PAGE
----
Bombing Raids, Dive-Ins & Bunnets: Getting the Conversation Started
n order to reveal the meaning of heritage, you have to engage with the community that surrounds it.
Last week we were invited along to meet with the Campbletown Old Pals’ group in the comfortable surroundings of the Royal Hotel. Like the Antiquarians, we heard that these folks had both wisdom and experience under their belts, but we needed to find out for ourselves!
We were there to listen to stories related to the Picture House, cinema going and cultural activities. But we also wanted also wanted to kickstart an inter-generational interviewing project in collaboration with Campbeltown Grammar School.
After brief introductions we sat down and started to chat – and wished we had brought a microphone because the stories started to flow…
We were told about the opening night of the Picture House in 1913; a moment which was marked by a birth in the town, the delivery being made by the local doctor dressed in his best suit and bow tie for the occasion!
We heard about the terrifying bombing raid by a German plane on the 6th of November, 1940. One of the group told us how he was in the Rex Cinema at the time, with the film being stopped and the audience being hastily ushered out of the building, before then being told to dive for cover as the bomber circled over the harbour for another attack. Campbeltown was struck twice by bombing raids during World War Two, and the clock tower of the Victoria Hall was destroyed. The Victoria Hall was the site of some of the earliest cinema performances in Campbeltown from 1897 onwards.
All that survives: Victoria Hall (pre 1910) (left), The Victoria Hall today (right). Spot the crossed rifles plaque.
We were also told about the atmosphere of the Rex Cinema, especially the occasional feeling of luxury inside; golden divans (or “dive-ins” as they were known locally!) deep carpets, marble flooring, and teas and coffees being served upstairs on the balcony. This is really important because apart from memories we don’t (as of yet) have any idea of what it was like inside.
The Rex was huge, but the “wee pictures” always had local affection and the programming of shows were connected with other activities in the town. Schools used to attend shows related to what was being taught in class and one member of the group remembered being marched down the hill to see Lawrence of Arabia in 1944. On Sunday nights during the winter months the Picture House showed Christian films.
If you wanted to find out what was being shown next at the Picture House you would look at the noticeboard outside the Templar Hall where programmes would be displayed alongside notices for concerts, theatre and dances. The Picture House was also known for hosting theatrical performances. A local teacher, David S. McArthur, was responsible for the production of the pantomime ‘Babes in the Wood’ during the 1940s.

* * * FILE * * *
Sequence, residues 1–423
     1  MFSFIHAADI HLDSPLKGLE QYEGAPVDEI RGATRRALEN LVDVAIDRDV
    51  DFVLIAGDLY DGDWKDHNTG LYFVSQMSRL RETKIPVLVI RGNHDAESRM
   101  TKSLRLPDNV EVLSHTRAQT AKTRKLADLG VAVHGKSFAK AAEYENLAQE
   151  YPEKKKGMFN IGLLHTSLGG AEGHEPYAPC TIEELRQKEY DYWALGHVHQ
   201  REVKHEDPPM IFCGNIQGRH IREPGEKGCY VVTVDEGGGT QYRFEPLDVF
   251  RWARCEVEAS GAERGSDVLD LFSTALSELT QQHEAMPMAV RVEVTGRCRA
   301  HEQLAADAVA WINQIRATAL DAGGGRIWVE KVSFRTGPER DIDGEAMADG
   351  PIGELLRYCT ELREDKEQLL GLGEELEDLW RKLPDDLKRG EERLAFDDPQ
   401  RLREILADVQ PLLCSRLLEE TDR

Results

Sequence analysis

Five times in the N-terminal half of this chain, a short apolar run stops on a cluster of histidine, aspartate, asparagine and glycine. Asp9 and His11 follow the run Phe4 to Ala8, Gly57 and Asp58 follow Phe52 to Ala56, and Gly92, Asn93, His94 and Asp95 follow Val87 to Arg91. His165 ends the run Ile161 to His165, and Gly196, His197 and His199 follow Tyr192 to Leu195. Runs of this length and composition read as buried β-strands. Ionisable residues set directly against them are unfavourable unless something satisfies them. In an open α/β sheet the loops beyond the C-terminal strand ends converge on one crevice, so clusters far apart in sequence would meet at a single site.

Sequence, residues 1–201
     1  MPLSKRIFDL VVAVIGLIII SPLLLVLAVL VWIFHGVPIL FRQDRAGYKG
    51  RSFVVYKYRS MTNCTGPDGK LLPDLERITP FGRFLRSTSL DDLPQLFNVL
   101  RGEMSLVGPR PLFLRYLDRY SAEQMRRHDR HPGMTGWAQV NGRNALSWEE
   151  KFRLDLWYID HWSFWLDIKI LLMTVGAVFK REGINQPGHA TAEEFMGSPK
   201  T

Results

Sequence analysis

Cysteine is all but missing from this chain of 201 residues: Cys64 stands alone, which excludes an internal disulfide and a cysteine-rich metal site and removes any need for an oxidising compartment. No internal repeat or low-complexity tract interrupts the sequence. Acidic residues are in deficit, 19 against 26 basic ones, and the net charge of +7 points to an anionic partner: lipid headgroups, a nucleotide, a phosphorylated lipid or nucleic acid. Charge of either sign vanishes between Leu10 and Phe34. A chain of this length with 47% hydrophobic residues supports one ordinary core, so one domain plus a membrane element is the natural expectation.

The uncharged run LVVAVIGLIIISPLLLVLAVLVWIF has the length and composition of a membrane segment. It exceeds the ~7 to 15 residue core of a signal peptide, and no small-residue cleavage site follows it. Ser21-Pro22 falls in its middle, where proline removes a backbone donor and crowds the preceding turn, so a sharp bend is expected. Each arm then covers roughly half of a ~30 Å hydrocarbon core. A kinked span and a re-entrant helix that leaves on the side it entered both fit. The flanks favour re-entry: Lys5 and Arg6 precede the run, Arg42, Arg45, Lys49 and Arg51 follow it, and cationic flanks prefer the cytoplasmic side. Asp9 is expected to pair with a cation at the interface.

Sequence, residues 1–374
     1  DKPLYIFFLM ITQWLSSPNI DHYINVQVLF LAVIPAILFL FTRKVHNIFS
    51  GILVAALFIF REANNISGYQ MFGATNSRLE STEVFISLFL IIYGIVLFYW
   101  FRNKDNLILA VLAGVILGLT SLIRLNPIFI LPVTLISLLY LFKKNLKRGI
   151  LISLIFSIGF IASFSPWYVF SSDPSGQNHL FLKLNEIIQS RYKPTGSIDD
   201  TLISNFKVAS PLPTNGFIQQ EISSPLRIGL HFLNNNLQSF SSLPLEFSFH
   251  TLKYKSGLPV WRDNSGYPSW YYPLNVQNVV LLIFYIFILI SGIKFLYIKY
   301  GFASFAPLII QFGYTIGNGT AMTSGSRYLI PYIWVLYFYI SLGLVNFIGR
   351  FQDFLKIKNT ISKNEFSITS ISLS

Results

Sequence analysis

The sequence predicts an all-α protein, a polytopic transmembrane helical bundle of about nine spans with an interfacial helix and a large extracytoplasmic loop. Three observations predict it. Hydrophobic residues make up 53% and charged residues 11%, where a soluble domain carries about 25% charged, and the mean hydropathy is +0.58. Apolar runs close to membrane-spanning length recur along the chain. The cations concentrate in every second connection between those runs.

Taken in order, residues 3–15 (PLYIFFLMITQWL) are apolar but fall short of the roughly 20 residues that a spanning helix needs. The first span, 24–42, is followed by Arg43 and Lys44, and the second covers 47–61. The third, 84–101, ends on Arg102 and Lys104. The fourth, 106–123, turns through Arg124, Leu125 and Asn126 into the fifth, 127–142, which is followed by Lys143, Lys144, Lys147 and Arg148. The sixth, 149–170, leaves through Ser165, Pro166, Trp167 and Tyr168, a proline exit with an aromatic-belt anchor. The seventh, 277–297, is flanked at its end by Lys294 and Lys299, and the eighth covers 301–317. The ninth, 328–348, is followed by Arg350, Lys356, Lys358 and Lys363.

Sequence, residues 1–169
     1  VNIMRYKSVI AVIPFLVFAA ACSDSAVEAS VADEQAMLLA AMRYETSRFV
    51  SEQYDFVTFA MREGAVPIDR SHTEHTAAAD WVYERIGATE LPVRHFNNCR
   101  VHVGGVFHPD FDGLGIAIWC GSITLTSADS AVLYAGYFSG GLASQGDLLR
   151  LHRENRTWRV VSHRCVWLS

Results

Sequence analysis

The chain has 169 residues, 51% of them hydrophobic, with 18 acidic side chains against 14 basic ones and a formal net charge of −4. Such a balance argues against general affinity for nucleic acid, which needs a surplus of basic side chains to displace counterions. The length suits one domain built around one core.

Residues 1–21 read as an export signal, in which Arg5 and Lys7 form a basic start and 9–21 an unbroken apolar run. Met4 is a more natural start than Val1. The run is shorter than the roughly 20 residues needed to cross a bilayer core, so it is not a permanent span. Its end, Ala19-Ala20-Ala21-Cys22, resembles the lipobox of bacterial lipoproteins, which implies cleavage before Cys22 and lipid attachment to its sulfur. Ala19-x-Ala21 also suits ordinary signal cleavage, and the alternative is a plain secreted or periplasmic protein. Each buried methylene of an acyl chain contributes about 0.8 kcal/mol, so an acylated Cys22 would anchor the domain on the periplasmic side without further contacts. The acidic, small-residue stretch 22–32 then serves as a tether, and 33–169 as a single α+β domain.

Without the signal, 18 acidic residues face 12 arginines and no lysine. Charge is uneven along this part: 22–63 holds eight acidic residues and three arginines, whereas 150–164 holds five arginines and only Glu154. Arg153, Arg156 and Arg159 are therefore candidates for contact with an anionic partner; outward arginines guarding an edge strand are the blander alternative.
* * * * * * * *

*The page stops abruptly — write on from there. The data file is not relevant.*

The people of the Picture House were also well remembered. One of the late doormen, Jimmy Ramsay, was said to have worn a khaki brown uniform with a flat cap “wi’ a big peak tae it” and had a wonderful handlebar moustache. He also sported a remarkably long thumbnail with which he would snap off tickets with the greatest of ease. Outside, you may have picked up a newspaper from Duncan McKinlay who sold the Evening Times with his distinctive cry – a sight and sound you rarely encounter today!
If any youngster was caught being boisterous during the matinees, a Mrs Speed would swiftly descend, shine her torch full on the guilty party, and proceed to loudly administer a “guid sherrakin’!”
We never found out how much ticket prices were, but we were told about sneaking into the next show by hiding in the toilet; it seems that the “tradition” of buying an entry ticket has travelled down through the generations!
A picture paints a thousand words, and moving pictures many more. We know that surviving footage of the ‘Arrival at Whitehart’ film, shown 10 days before the outbreak of World War One, captures the faces of locals and visitors to the area. We were told that a child in a pram could be the grandmother of one of the group’s participants; what a wonderful connection to preserve.
Join the Discussion!
Over the past two days we have been meeting with pupils of Campbeltown Grammar School trying to drum up their enthusiasm to interview people within the community, and to reveal and explore stories just like the ones above.
The school holidays are coming up and we are eager to have as many young folk involved in this project as possible. We will be having a friendly meet-up on Saturday 8th of July at Aqualibrium from 1pm onwards, so if you know any young folk who would like to get involved, please invite them along. There will also be opportunities for them to contribute to the blog and have a “hands on” experience looking at genuine Cinema artefacts and documents.
We’d also like to collect as many of your own memories and photographs related to cinema going!
Get in touch: [email protected]
Thanks to the Old Pals Group and the staff and pupils of Campbeltown Grammar School.
Jan & Robin
1.) Victoria Hall pre-1910, MacGrory Collection, courtesy of Argyll and Bute Library Service.
2.) Victoria Hall, with permission from RCHAMS, http://canmore.org.uk/collection/1320757
You Might Also Like
- Smoking Is Bad For Your Health But Good For Your Fortune?
- An Air Crash and the Picture House.
- A First Class Picture House and Mr. Fullarton.
- Audrey Comes to Campbeltown
- 100 Years Ago … A Picture House Shareholder Becomes a Hero !
- When the Big Tin Box was Opened We Found People and Stories
- Venturing into the mystical art of Archiving
- Picture House Memories, American Serials, Charlie Chaplin and The Vampire
- Greenlees, Golf and Serendipity.
- Charles William Trevatt: first-generation cinematographer.